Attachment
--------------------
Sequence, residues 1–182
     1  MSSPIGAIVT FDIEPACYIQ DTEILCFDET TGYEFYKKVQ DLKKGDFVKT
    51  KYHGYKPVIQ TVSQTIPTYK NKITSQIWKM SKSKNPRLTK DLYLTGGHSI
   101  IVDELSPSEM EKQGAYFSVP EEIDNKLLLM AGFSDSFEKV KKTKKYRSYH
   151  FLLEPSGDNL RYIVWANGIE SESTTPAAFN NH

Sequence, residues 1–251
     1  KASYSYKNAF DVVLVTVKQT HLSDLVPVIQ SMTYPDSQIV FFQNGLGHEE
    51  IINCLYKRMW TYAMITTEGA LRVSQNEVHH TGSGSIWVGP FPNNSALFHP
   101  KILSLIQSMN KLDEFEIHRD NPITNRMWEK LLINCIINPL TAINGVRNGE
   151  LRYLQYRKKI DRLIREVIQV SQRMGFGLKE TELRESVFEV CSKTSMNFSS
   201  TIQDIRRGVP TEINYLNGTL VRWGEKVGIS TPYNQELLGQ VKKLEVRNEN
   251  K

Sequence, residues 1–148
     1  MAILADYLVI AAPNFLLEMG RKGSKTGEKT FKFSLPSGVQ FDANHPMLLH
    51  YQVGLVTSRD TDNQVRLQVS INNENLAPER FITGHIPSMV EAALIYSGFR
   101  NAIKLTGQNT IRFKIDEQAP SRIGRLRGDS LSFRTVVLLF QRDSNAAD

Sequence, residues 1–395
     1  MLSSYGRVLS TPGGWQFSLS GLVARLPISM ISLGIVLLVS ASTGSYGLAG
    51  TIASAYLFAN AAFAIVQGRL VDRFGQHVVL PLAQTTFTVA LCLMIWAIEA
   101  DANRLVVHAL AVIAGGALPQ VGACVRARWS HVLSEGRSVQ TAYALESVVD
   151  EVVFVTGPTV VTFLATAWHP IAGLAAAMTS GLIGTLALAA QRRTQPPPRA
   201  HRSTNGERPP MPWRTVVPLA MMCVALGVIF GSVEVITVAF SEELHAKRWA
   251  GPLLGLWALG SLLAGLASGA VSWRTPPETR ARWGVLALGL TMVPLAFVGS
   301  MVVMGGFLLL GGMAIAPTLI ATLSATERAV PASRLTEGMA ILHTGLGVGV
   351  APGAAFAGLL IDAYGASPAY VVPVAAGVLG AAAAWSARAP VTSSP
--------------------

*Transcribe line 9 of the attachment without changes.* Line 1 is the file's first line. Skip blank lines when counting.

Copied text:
   101  KILSLIQSMN KLDEFEIHRD NPITNRMWEK LLINCIINPL TAINGVRNGE